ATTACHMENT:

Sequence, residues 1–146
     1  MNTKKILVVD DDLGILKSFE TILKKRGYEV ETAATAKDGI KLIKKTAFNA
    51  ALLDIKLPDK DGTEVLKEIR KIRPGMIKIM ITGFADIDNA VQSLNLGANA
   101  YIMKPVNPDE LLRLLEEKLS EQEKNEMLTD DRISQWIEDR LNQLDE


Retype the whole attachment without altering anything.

Sequence, residues 1–146
     1  MNTKKILVVD DDLGILKSFE TILKKRGYEV ETAATAKDGI KLIKKTAFNA
    51  ALLDIKLPDK DGTEVLKEIR KIRPGMIKIM ITGFADIDNA VQSLNLGANA
   101  YIMKPVNPDE LLRLLEEKLS EQEKNEMLTD DRISQWIEDR LNQLDE